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Why Critical Illness Cover is worth it
By Drew Mitchell
Is life insurance necessary? Many young single individuals would argue not, and with some degree of logic. If you don’t have any dependants or any substantial liabilities then it’s natural to think that there is little need for any life protection, the rationale is quite easy to follow, if you die, you die. It could also be argued that even if you do have significant outstanding debts, for many this would be a mortgage, but have no dependants then life cover is a simple luxury, others might argue that it’s one’s moral obligation to repay your debt to the mortgage lender on your death, to prevent the inconvenience of having to sell the property and to save the administrative burden. Others, I suspect the majority, would not feel so obliged. Either way, it is a choice which affects those that are left behind and does not and cannot impact you personally.
Critical illness cover however, is a complete different beast. The opposite is true, in contrast to the scenario where life insurance would pay out, a critical illness payment will directly affect and benefit you. If you are diagnosed with a life threatening illness, depending on which survey you care to listen to this could range from one in five of us to as little as one in two of us, then this type of cover will pay out a lump sum. The money is tax free and can be used in any way you like – to pay a lump sum off your mortgage, enable you to stop working, or buy private medical care. You decide how much you think you'll need when you take it out, calculations such as dependants future education fees and childcare can be added in along with day to day living costs and existing liabilities.
In the past, these protection policies were less popular as a result of having too much wriggle-room, allowing insurers off the hook when it came to paying claims – and insurers were notoriously secretive about how many claims they let through. Not surprisingly, insurers found critical illness cover increasingly hard to sell, and so have been forced to clean up their act. First, they started to declare how many claims were successful – they say that, on average, more than nine in 10 are now met. Then they increased the number of illnesses and conditions covered. Some covered fewer than 10, but the list now typically covers 40 to 50.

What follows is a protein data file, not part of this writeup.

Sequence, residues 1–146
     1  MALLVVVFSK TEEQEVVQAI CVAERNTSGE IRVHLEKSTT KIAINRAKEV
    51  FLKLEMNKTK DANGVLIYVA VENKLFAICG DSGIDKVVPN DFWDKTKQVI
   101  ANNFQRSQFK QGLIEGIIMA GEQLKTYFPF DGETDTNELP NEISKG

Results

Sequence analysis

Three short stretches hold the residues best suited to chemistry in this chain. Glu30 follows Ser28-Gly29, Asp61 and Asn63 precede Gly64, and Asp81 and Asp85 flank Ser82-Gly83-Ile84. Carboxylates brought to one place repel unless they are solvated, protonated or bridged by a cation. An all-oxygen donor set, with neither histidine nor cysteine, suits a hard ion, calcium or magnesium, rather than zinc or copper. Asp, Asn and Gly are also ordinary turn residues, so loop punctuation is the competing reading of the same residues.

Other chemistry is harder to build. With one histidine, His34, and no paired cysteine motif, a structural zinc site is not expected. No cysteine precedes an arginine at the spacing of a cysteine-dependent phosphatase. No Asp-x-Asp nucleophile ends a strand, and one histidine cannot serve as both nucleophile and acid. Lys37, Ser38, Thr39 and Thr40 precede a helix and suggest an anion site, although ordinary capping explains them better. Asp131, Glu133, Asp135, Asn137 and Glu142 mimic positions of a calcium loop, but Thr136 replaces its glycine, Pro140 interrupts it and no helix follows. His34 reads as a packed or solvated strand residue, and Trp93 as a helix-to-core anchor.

Historically, policies only covered advanced cancers, which meant many early-stage cancers were not covered, but in recent years this has changed. Cancer accounts for almost two-thirds of claims, followed by heart attack, stroke and multiple sclerosis. But it's important to remember that critical illness insurance only covers the conditions laid out in the policy and no others, and your illness must meet the definitions described.
Do I need it?
It is worth first checking what benefits you have through your work. Most employers offer life insurance (which only pays out on death and is only usually three to four times annual salary) and very few include critical illness cover. Experts say you are six times more likely to claim under critical illness than life insurance.